Mr. Woolas: The hon. Gentleman has cut to the quick. Yes, I can give that reassurance. The Bill’s Second Reading in the other place gave statutory authorisation to the Government—my Department is the lead—to expend public money on the preparation of the Bill. We have the office of climate change, which is a section within the Department with the job of working in such areas, as well as what we call the shadow Committee on Climate Change, which is already working.
As my hon. Friend the Member for Plymouth, Sutton pointed out, Lord Turner’s evidence confirmed the point to the hon. Gentleman’s satisfaction. It is interesting and important to hear Lord Turner. He said to the Committee on 26 March:
“I do think it is a perfectly sensible thing to hand to the Committee to express a point of view on”—
he was referring to the stretching of the 60 per cent.—
“rather than simply leap into let us not do 60, let us do 80, because I think there is a value (even if we do end up simply saying yes, 80% is the right figure) in setting out the reasoning of why it is and also perhaps exploring a set of alternatives”.
That was Lord Turner’s view. My own view—this is a third argument with which to try and convince the Committee—
Steve Webb: The Minister is giving a constructive response, but—I am not being facetious—if there is a value in the committee going from 60 to 80 per cent. and explaining why, what is the standing of 60 per cent? Joking apart, why not 3 per cent? Why 60 per cent?
Mr. Woolas: That is an important question. First, as the hon. Gentleman would accept, the figure is “at least 60 per cent.” Secondly, as we all agree, we must base the figure primarily on science. The carbon markets will not invest the trillions of pounds that we want them to if they believe that carbon targets are not based on science. If they believe it is a political fix, it will not work.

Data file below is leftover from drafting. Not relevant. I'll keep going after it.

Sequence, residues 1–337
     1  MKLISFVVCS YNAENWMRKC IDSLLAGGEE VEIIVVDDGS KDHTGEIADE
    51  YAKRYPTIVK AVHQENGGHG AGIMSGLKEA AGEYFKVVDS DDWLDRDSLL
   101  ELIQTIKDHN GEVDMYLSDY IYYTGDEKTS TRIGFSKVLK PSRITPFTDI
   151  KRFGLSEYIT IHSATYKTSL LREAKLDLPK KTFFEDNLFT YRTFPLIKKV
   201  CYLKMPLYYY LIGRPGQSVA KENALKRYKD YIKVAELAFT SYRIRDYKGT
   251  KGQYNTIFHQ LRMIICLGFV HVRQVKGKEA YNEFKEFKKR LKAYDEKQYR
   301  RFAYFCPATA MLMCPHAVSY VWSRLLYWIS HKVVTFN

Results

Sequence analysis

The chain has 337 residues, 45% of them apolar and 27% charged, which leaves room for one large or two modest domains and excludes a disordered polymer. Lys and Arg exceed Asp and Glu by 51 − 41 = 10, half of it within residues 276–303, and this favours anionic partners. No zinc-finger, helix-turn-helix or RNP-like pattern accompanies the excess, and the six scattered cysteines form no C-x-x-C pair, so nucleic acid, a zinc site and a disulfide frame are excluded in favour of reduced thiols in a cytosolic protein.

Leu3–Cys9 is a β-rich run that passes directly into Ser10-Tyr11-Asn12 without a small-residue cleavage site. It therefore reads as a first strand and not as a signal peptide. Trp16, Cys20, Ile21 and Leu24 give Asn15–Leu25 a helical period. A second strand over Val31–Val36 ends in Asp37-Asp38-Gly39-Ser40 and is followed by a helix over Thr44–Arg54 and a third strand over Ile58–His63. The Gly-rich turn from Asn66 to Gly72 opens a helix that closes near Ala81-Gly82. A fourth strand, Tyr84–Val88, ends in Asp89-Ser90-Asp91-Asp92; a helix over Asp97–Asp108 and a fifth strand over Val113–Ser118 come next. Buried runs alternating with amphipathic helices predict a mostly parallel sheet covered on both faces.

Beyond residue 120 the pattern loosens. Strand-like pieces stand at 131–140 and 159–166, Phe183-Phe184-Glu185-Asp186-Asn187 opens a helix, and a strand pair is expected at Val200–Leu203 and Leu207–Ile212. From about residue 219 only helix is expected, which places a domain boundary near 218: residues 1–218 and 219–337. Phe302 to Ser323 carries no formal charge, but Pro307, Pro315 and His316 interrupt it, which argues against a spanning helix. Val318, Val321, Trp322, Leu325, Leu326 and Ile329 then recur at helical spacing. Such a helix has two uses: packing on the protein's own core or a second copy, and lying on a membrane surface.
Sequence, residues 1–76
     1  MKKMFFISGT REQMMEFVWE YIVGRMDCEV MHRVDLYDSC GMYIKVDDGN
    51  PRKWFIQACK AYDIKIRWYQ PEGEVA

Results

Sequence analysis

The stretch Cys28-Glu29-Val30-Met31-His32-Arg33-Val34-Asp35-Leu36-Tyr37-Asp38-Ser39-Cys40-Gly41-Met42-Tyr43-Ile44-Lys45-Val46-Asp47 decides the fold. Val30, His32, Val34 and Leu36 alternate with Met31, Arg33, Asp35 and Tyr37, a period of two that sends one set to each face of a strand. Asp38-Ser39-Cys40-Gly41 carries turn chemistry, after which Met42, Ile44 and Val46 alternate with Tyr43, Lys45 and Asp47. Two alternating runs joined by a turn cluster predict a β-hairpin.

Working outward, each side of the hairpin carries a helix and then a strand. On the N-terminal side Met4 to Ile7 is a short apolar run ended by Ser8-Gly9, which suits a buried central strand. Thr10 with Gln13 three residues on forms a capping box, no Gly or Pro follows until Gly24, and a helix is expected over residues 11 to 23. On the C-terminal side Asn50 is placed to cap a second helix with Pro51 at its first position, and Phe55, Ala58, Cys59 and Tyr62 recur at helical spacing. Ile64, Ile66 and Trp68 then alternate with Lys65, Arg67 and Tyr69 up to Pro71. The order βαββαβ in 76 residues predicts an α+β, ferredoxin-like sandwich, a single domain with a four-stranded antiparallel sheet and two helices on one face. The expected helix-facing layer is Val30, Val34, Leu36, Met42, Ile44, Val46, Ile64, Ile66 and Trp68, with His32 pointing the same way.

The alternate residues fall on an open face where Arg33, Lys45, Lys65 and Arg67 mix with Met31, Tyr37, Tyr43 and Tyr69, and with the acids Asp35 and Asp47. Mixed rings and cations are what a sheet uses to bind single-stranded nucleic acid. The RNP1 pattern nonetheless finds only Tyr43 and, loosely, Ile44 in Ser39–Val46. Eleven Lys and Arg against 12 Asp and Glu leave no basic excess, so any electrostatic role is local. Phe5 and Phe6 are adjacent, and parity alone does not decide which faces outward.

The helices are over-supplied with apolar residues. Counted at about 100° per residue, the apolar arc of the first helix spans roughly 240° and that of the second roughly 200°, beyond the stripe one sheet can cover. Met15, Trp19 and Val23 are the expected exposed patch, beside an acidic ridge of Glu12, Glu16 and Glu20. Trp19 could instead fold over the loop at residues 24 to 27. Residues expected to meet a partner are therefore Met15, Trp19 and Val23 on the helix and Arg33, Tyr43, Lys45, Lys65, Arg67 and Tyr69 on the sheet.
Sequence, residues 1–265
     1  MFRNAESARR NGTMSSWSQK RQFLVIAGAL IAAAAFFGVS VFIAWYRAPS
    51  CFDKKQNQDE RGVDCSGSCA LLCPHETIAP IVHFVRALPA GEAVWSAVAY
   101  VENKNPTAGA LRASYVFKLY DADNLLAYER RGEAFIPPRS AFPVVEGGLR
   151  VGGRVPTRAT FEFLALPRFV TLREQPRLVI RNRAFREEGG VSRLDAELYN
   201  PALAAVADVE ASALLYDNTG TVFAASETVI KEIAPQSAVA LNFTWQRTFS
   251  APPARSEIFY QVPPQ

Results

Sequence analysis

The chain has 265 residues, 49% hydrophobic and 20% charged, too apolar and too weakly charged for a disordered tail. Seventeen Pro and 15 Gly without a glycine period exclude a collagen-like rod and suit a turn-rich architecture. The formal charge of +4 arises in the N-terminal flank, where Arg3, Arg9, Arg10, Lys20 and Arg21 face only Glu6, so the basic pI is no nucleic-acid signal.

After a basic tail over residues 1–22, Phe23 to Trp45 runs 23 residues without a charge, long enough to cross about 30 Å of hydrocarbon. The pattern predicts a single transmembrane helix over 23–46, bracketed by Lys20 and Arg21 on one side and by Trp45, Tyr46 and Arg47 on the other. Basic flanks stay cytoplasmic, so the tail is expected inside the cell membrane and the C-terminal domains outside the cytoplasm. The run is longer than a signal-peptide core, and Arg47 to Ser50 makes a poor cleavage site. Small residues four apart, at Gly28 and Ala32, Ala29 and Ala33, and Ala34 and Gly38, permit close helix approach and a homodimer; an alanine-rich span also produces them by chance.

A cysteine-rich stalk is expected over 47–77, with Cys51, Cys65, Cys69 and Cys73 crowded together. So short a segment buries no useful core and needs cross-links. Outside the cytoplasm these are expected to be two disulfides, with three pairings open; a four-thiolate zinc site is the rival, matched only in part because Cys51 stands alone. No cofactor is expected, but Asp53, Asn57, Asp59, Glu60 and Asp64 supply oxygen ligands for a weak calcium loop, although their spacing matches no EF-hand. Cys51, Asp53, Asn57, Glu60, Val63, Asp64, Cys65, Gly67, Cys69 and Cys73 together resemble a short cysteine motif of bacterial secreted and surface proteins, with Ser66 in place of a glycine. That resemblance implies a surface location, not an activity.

However, the figure is not just based on the science. The point that is not understood in the debate in the United Kingdom, which is not the case in other countries, is that whether the target is 60 or 80 per cent. does not really matter. What matters is how we get there. Personally—I hope journalists do not quote me out of context, but now that I have said that, I suppose they will—I am a 100 per cent. man. The debate that we will have on the trajectory is much more important than the debate on the end target. Indeed, unless we specify that the trajectory must be downwards, it would be possible to reach an 80 per cent. reduction by 2050 even after 30 years of increases, by which time we would have dangerous climate change. Although I understand that the 60/80 debate symbolises something important, it is not so important.
Mr. Gummer rose—
Mr. Woolas: Let me continue my argument, before the right hon. Gentleman tempts me or presses me further.
I mentioned that what we do has to be done though co-ordinated global action. We have to give a clear signal to the international community that we are prepared to do our share, plus more. That has to be done within the trajectories that the European Union budgets and targets set out, because our offer as the European Union is to go as far as 30 per cent. by 2020, or 20 per cent. if we do not get the international agreement. That will be the primary pressure upon the level of our mid-term targets.
In that context, I need to see what the committee advises. The committee is more aware of these matters than I am, which is why I say seriously that I cannot envisage circumstances, other than the absurd, in which the Government could not accept the recommendation. Others may disagree, but I do not see circumstances in which Parliament would reject that advice. My hon. Friend the Member for Southampton, Test argued that we should say in advance that we would automatically accept the advice. The committee is an advisory committee, the chairman of which does not want us to tie him down in that way.